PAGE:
After all the graduation ceremonies, virtual proms and step-up days, there's still a group I'd be remiss to not celebrate with this column, and that's retiring teachers and school staff. For dozens of such folks across the county, June marked their last official days on the job.
Unlike in previous years, school retirees didn't get a send-off cake in the teachers lounge, surprise flowers at an end-of-the-year ceremony, or get to wave and hug goodbye their students, families and colleagues in person. Retirement Day was certainly not like they had imagined or planned.
But instead of being completely anticlimactic, there have been reports across the county of these retirees being honored in creative ways, through mass mailings of cards, surprise video messages and gift deliveries, even retirement wave parades.
One such recipient of the latter is Juraye Moran, a music educator who has pretty much spent her entire 64 years of life in schools, from attending them locally, to teaching in them, starting in 1978 at the former North Junior High School in Pittsfield. Since 2004, she's called the Berkshire Hills Regional School District her home, teaching everything from elementary school music to stringed instruments for the high school orchestra. Since about 2005, when I started at The Eagle, she's also called, emailed or sent me Facebook messages to advocate for her students and her desire to see them receive a quality education. During an email exchange back in March, Juraye told me: "I love what I do. Seeing the progress of these students. Seeing the progress of the children of my former students. Seeing the excitement of learning an instrument on a student. Making orchestra a well known and respected ensemble at the high school. We actually were asked to play at a pep rally. A String Orchestra!! Showing students that playing a string instrument can be cool."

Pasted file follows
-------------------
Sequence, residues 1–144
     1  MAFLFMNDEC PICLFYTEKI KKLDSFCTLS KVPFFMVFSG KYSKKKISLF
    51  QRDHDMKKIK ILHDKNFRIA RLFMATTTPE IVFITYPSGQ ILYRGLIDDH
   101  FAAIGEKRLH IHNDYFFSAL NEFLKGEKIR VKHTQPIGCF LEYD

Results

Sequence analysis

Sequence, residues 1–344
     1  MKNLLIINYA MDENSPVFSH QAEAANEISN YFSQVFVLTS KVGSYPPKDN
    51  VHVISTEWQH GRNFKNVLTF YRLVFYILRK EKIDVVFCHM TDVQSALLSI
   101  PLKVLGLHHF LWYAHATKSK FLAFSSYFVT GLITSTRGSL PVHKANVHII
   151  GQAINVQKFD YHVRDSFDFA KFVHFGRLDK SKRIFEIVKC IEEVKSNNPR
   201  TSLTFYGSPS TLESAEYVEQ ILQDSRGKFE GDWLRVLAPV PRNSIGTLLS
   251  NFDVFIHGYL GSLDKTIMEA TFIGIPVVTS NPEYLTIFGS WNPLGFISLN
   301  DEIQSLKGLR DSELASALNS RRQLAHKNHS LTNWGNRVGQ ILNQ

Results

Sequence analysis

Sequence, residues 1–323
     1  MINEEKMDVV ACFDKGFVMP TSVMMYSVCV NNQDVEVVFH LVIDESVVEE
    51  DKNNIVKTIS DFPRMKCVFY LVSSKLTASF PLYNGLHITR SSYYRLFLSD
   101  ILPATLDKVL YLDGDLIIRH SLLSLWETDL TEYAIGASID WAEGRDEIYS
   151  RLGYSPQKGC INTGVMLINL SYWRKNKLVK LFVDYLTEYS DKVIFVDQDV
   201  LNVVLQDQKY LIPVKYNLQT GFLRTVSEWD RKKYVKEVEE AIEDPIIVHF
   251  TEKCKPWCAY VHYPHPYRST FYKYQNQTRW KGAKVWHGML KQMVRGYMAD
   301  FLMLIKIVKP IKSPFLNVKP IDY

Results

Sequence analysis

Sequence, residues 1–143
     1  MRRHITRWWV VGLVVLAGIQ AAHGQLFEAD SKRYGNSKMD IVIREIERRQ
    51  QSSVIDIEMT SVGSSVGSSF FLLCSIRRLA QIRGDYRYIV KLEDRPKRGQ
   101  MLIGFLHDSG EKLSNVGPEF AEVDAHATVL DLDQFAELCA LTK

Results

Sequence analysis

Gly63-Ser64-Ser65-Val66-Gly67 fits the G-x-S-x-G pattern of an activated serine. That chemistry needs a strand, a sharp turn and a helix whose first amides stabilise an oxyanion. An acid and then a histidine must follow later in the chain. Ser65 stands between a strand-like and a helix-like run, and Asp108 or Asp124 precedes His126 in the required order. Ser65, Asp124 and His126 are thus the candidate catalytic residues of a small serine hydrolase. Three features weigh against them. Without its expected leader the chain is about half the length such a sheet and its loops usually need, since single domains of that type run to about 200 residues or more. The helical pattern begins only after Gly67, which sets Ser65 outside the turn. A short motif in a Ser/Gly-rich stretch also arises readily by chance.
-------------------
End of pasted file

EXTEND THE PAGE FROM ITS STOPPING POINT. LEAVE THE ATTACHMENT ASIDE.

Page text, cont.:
All kids should be so lucky to have such a teacher, and all schools to have such a dedicated resource.
Mount Greylock Regional School music educator Lyndon Moors, who also emailed me often to keep me in the loop about his talented students, capped 35 years in public schools on June 16. "Congratulations!! I'm a better human because of you!" his former student, Gabriel Prendergast, wrote to him via a Facebook post.
In North Adams Public Schools, the district devoted a page in its newsletter to its 10 retirees, from teachers, to a cafeteria manager, physical therapist and bus monitor.
"During my time at the North Adams Public Schools, I have been fortunate enough to have the opportunity to complete many career goals. Among all of my professional milestones though, the accomplishment of which I am most proud is having the opportunity to expose generations of North Adams students to cultural practices and beliefs that broadened their worlds beyond the Berkshires," wrote Laurie Dickson, who taught Spanish for eight years out of more than 35 teaching years at Drury High School.
Wrote Colegrove Park Elementary School pre-K teacher, Rosemarie "Rosey" Dzierga, "I will treasure forever each moment I had with every student that walked through my classroom door! Thank you for sharing your children with me to create such wonderful and everlasting memories!!!"
Jenn Smith regrets that she may never be able to retire. But for now, she can be reached at firstname.lastname@example.org, at @JennSmith_Ink on Twitter and 413-496-6239.